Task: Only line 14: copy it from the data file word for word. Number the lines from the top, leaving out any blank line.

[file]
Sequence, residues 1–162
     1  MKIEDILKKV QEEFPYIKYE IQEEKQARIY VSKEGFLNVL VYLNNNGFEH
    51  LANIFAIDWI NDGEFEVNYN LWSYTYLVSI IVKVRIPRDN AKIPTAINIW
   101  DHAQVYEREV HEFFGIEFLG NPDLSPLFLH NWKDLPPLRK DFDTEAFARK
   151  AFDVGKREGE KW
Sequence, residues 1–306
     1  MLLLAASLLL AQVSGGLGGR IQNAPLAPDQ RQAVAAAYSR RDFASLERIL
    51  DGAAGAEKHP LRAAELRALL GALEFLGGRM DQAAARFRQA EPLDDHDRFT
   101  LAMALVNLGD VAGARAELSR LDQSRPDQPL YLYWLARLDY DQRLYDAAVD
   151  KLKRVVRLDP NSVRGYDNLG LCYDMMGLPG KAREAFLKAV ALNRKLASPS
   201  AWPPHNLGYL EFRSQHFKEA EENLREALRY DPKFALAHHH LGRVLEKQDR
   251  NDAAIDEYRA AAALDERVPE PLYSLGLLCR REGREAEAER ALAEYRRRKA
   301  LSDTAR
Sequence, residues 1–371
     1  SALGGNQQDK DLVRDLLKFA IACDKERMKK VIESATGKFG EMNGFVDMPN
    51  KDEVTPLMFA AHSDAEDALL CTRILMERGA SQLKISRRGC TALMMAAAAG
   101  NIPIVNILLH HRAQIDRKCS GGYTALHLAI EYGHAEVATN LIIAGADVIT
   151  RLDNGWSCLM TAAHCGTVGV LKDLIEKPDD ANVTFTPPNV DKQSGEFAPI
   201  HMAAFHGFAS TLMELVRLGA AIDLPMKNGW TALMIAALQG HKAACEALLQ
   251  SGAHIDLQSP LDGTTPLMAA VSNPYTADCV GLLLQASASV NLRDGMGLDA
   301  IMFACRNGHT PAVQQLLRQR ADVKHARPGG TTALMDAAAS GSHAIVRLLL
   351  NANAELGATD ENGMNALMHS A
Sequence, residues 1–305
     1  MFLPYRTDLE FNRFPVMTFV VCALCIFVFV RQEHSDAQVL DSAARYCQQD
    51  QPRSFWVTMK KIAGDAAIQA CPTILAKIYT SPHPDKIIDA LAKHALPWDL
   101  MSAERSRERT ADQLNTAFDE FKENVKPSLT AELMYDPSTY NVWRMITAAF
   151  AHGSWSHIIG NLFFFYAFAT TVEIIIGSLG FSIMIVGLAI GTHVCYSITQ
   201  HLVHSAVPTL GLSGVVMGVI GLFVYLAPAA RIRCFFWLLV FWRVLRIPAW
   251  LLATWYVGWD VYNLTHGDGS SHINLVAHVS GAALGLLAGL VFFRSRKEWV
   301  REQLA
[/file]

Sequence, residues 1–371